March 28, 2024

Ignorance is Bliss

Okay, this one’s going to feel a bit random, but stick with me…

My junior year college roommate was a friggin’ brilliant guy (he teaches biochemistry now). We used to stay up late working out the solutions to scientific problems like “how many hamburgers would it take to reach Pluto?” and other important things we did not get a Nobel prize for. It really was one of those higher-education experiences you only seem to read about– we just liked figuring out the answers to things, and we were in a position where we could spend a random hour (or more) doing it.

And—again—not being rewarded with a Nobel prize for our scientific work.

Anyway, John introduced me to the idea of invisible math. If you and I are on opposite ends of a lawn and I toss a baseball to you, there are so many measurements and calculations that need to be made. Think about it. Distance. Height. Speed. Weight of the ball. Force to put behind the ball. The torque of your arm. Arc. Rate of descent. Air resistance. Wind resistance. And there’s more past that. Every time we throw a baseball, there’s so much invisible math behind it.

But most of the time… we just throw the baseball. Our brains do all that math subconsciously for us. They’re pretty cool, right?

In fact, weirdly enough, if you think too much about any of these things as you’re getting ready to throw, you’ll probably mess it up somehow. Try to concentrate on two or three of those factors and you’ll almost definitely mess up your throw.

Which, of course, brings us to Lindsay Lohan.

If you somehow didn’t know, Lindsay Lohan was a fairly talented Disney kid who eventually moved into “older” roles when she could. But as her roles became more and more serious, her performance became more and more… Well, let’s politely say erratic. Unpredictable.

Now, if you are familiar with Ms. Lohan, I know the easy thing to do is giggle, maybe punch down a bit, and point at all the reports of addiction and abuse that came out as she got older. But please consider this. She was a pretty solid child actor. Seriously. She carried a bunch of movies. But even after she got cleaned up and dealt with some parts of her life, her performances were still kind of all over the place.

Now, I don’t know Lindsay Lohan. I think we were living in LA at the same time, so we’ve probably been within, say, a mile of each other one or thrice. Maybe even a few yards? Point is, I’m kind of guessing here, based on my own experience.

That said, I’d bet real money when she started doing “serious” movies, now that she was a real actor… people started telling her how to act. Maybe she took a class or got a coach. Doing a bit of ye olde method acting, perhaps? Maybe she started putting serious thought into motivations and stage business and presence.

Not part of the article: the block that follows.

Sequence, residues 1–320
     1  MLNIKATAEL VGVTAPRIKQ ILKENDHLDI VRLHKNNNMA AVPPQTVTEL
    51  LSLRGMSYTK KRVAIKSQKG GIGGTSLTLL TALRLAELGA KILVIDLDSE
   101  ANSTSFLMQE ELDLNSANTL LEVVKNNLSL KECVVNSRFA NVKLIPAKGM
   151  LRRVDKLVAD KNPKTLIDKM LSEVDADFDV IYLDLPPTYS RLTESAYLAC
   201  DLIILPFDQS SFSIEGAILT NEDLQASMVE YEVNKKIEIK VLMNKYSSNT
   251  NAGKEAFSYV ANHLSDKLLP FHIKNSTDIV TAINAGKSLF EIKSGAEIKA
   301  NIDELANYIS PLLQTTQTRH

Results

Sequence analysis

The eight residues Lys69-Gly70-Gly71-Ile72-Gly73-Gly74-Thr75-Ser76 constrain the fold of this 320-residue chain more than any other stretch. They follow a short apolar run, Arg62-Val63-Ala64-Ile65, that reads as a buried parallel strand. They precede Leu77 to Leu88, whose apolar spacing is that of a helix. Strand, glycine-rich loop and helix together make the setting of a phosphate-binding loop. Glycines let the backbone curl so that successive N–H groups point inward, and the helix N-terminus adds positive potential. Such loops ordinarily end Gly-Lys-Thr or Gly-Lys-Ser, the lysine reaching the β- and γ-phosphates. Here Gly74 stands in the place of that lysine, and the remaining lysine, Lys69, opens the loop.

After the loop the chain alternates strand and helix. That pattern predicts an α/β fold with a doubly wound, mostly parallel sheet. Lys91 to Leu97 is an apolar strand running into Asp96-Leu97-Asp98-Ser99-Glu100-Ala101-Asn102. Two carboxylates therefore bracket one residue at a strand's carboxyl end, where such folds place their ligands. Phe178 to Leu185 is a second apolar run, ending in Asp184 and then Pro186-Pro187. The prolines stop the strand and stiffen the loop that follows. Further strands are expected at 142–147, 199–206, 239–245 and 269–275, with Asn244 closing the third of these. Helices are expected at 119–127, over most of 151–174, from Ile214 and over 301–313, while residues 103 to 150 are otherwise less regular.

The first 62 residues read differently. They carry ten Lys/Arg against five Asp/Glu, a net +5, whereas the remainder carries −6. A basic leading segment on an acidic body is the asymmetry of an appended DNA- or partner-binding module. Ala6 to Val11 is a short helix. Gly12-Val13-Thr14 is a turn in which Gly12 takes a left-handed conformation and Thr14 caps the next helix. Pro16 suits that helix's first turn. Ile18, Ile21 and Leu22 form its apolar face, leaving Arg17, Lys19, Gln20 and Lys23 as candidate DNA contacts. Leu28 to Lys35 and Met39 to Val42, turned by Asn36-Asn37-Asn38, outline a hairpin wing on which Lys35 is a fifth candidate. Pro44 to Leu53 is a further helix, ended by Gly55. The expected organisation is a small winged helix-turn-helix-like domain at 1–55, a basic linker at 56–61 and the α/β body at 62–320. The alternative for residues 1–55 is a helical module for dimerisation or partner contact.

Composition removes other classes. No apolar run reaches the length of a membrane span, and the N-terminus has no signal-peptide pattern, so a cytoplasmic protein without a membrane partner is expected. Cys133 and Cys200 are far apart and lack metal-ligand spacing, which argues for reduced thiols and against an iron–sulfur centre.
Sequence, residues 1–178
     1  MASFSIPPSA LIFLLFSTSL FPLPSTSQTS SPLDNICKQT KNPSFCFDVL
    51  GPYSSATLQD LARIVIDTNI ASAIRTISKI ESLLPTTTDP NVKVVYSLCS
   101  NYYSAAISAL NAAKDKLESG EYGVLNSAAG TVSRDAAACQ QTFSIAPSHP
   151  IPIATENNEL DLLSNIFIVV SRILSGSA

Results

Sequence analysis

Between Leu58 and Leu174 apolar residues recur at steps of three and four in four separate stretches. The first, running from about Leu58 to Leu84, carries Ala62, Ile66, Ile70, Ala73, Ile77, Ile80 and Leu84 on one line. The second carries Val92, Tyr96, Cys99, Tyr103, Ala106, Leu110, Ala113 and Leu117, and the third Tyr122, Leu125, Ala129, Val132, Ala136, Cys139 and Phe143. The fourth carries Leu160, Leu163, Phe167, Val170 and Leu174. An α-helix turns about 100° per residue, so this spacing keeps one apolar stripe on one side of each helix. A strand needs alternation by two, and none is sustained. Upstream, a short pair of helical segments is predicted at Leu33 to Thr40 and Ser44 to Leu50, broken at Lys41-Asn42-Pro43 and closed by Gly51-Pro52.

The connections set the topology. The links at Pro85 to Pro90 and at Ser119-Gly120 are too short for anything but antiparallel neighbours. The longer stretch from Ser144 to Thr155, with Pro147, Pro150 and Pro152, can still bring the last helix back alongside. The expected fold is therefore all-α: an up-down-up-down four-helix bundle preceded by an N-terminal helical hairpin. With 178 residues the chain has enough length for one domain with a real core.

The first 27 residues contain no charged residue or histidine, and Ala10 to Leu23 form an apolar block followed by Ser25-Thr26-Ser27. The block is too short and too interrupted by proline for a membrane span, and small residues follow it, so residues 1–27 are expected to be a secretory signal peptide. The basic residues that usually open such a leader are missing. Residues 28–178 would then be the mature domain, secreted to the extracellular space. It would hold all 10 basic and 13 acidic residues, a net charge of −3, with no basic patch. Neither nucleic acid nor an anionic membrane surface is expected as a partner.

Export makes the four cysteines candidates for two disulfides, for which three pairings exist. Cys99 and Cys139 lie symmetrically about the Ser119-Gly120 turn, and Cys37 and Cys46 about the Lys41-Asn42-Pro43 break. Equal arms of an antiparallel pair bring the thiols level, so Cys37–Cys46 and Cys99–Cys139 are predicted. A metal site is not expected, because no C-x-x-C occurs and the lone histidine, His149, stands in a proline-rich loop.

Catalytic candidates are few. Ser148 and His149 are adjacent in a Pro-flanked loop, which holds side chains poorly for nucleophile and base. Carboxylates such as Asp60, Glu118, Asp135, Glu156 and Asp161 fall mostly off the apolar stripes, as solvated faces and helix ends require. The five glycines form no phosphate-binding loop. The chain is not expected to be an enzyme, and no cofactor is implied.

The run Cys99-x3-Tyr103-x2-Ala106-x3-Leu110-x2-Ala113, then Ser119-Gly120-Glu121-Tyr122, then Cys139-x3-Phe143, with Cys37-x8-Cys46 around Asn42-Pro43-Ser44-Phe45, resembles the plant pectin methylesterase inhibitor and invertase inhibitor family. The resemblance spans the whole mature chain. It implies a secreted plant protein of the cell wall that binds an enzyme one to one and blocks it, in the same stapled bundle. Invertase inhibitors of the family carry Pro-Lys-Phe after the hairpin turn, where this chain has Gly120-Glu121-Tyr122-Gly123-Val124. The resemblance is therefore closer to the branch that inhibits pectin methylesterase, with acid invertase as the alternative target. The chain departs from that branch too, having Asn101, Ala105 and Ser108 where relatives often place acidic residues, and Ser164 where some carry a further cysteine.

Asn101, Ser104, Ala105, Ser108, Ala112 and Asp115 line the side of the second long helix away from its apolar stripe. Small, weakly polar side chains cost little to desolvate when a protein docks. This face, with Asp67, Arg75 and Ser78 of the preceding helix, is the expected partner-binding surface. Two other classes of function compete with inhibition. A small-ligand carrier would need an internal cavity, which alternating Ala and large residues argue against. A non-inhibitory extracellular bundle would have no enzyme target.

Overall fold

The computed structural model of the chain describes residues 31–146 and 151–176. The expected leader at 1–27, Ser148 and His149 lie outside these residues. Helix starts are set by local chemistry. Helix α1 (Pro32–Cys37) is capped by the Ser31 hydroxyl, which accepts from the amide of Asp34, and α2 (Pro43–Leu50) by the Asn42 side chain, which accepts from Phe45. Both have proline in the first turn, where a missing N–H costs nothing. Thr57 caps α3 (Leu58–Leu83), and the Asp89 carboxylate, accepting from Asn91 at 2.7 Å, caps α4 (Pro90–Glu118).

I bet she started thinking about how to throw the baseball.

See where I’m going here?

For most of us, when we first decide we want to tell a story, we just sit down at a computer or pick up a pen and… we start writing. That’s it. We don’t think about grammar or structure or character arcs. We just write about cool stuff we like. Romance. Monsters. Space battles. Wizards. Ninjas. Lizard people! We make characters who are basically us (but cooler! and more popular!) and they go have adventures of one kind or another.

But eventually (hopefully!) someone sits us down and talks to us about grammar. And story structure. And character arcs. Maybe even themes! They tell us how to write. Maybe it’s a schoolteacher. Or a college professor. Maybe it’s a book we willingly picked up, not knowing the awful things it was going to teach us.

And it’s my personal belief that people have one of three reactions at this point.

One group of people essentially say, well, screw this. Turns out writing is way harder than I thought it was. And a lot less fun. And they walk away from this and go become frustrated studio execs or bureaucrats or something.

The second group says wow, I didn’t realize there were so many important rules. I better follow them all! To the letter! At all times! And these people keep writing but it loses a lot of the fun for them and I think.. well, most of them stop being any good. They get so focused on all those rules and guidelines—the stuff we never actually register—that they lose the ability to actually tell a good story. They’re more concerned with making sure the math works out than they are with throwing the baseball.

And the last group?

They’re the ones who take this new knowledge, sift through it, and apply it where they can. They keep writing and try to work with it, rather than wrestling their writing to fit all the rules. They know sometimes all this stuff matters and sometimes… you’ve just gotta write like you’re nine again. Dance like nobody’s watching. Write like nobody’s going to read it. There’s a time and place for all those rules, but its not right now.

Please note I’m not saying ignore the rules. Rules help. They really do. But that’s the key– the rules are there to help me tell my story. They shouldn’t be shaping it. My story doesn’t exist so it can be an example for how all the rules work.

Really it’s a forest-for-the-trees thing. I want to be aware of the rules. I want to know them. I want to understand them. But I don’t want to be focused on them.

My focus should be on my story.

Next time… I think I may babble on about the different ways we can get from A to Z.

Until then, go write.

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